BARKS from the Guild July 2017

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Pain Underlying

FELINE

Dr. Lynn Bahr discusses the ability of cats to hide chronic pain, and the potential this

ost people who work professionally with cats know what stoic creatures they are and how well they can hide their pain. There are many different theories as to why this is. Until relatively recently, it was thought cats did not experience pain at all, based purely on the fact that they tend not to show it. Some people -- including some feline professionals -even still believe this, despite significant advances to the contrary. It is an astounding reality that, in the year 2017, we still find the subject of pain sufficiently mysterious and elusive that we are only just beginning to acknowledge its existence in animals. Pain is a complex subject even in human medicine, despite the fact that people are able to communicate how they feel, and the complexity is only magnified when working with animals, given that they lack the ability to communicate verbally. We cannot change what we do not know and there is so much in veterinary medicine that we have not learned yet. Just because animals do not complain about headaches we might assume they do not suffer from them like we do. Is it possible that cats living with chronic congestion and deep sinus infections feel just as badly as people with the same ailments? These people still manage to work and live their lives as normally as possible. However, many are miserable, exhausted and even depressed. Medical conditions known to contribute to chronic pain in people also exist in animals, but are often overlooked or ignored. Because animals often suffer in silence it is easy for their pain to go unnoticed and untreated.

What Do We Know About Pain?

Pain is considered to consist of three key components: a sensory-discriminatory component (temporal, spatial, thermal/mechanical), an affective component (subjective and emotional, describing associated fear, tension and autonomic responses), and an evaluative component, describing the magnitude of the quality (e.g. stabbing/ pounding; mild/severe) (World Small Animal Veterinary Association, 2014). Pain can be classified as acute or chronic. Acute pain typically has a sudden onset and is usually the result of a clearly defined cause such as an injury. It is the body's normal response to damage such as a cut, an infection, or other physical injuries. Acute pain is usually short lived (under six months) and resolves with the healing of its underlying cause. Chronic pain is viewed more as its own disease rather than as a symptom of another health problem. It can be affected by physical (sitting or standing), environmental (weather changes), and psychological (stress) factors. Chronic pain signals remain active in the nervous system for weeks, months, or years. In people, physical effects include tense muscles, limited mobility, a lack of energy, and changes in appetite. Emotional effects include depression, anger and anxiety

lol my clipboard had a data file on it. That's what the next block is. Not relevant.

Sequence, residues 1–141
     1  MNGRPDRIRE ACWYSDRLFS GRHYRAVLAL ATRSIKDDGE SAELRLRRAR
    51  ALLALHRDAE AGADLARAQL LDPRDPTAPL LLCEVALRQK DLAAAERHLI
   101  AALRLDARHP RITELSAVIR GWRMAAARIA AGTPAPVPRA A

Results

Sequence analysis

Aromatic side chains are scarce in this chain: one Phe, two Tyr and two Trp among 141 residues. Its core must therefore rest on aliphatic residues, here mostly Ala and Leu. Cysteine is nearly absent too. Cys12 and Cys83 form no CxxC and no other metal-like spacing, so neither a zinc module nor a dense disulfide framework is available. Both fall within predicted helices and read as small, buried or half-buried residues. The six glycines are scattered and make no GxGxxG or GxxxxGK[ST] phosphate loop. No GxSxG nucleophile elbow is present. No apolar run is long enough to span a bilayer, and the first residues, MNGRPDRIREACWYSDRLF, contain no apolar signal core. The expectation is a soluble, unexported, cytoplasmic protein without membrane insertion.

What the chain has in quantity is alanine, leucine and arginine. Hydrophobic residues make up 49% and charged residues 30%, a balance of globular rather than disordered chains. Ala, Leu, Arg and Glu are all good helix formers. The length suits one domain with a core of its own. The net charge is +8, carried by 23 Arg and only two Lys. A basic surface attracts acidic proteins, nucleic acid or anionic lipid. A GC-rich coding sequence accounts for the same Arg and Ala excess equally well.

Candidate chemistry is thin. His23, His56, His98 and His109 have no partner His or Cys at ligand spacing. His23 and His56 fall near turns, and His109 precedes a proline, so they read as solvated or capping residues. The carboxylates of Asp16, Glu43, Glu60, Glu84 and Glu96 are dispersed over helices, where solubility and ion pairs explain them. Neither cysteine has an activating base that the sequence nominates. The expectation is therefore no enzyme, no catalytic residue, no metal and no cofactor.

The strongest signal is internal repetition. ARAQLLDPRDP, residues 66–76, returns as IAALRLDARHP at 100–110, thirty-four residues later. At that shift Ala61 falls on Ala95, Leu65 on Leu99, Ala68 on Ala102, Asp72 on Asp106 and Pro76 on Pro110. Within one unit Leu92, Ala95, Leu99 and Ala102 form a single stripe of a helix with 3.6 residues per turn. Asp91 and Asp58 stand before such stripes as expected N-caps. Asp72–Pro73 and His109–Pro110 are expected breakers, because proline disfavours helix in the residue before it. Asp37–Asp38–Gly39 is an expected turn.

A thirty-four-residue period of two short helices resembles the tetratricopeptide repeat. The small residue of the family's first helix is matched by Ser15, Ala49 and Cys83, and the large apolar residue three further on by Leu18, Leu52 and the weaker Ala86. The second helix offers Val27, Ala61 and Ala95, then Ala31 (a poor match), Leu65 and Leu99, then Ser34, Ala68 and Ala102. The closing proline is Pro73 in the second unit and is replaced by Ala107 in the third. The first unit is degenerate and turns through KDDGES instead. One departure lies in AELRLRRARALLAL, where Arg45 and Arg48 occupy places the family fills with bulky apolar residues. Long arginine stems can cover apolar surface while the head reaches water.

It is believed that hiding pain is an integral part of a cat’s survival strategy

Š Can Stock Photo Inc./Elizabetalexa

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has to cause behavior problems

(Cleveland Clinic, 2017). In cats, we know a lot more about acute pain than chronic. In general, responses to acute surgical and traumatic pain are likely to be more marked and readily recognizable than clinical signs associated with chronic pain. The veterinary profession has pain scoring scales like the Glasgow Feline Composite Measure Pain Scale and the UNESP-Botucatu Multidimensional Composite Pain Scale for Assessing Postoperative Pain in Cats, but despite all the research, data and recommendations, the consensus remains that assessing acute pain in cats is difficult, subjective and extremely underutilized. Recognizing chronic pain is even more elusive, and assessing it in cats is virtually non-existent amongst most veterinary professionals.

Why Do Cats Hide Their Pain?

We know that hiding pain and discomfort from illness or injury is a natural feline behavior. It is believed to be an integral part of their survival strategy for several reasons. Perhaps it is due to their feeding pattern and need to hunt even when injured or in pain, or the fact that they would be preyed upon more easily if weak or sick. Rarely will a cat vocalize his pain because, instead of calling for help, it would simply alert a larger predator to his vulnerability. Within colonies, weaker cats lose status and power, and often have to give up the best hunting grounds. Hiding weakness is a natural way for cats to avoid the threat of displacement by stronger members of the colony. BARKS from the Guild/July 2017

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